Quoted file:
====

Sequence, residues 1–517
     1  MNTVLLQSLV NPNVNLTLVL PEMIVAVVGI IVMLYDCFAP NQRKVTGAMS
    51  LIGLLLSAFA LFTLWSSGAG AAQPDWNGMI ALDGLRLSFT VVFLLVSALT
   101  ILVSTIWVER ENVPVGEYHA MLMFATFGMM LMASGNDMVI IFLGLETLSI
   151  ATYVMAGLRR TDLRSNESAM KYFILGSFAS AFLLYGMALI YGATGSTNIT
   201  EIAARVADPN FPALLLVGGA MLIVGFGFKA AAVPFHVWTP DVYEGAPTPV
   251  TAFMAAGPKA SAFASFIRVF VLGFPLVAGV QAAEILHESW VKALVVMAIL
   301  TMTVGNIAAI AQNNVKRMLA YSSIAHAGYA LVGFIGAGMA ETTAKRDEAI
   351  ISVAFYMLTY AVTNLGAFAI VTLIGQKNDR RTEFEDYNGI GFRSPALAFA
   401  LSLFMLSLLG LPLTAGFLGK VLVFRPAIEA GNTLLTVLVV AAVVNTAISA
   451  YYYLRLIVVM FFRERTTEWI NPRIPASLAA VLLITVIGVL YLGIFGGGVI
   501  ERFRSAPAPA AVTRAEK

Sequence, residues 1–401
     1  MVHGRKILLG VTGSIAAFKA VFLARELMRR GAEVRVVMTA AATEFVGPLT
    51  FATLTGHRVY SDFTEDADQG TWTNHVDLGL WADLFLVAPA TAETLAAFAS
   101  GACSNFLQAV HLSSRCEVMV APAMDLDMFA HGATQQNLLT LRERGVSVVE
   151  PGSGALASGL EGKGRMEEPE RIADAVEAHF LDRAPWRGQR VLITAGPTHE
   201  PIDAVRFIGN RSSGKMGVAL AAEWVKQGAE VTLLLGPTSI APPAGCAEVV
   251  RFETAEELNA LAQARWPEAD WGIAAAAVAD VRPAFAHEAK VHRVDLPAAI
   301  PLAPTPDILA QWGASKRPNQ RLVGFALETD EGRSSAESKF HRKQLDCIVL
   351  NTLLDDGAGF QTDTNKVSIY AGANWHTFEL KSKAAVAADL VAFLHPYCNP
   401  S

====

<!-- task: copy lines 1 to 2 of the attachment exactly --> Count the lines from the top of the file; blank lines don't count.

Sequence, residues 1–517
     1  MNTVLLQSLV NPNVNLTLVL PEMIVAVVGI IVMLYDCFAP NQRKVTGAMS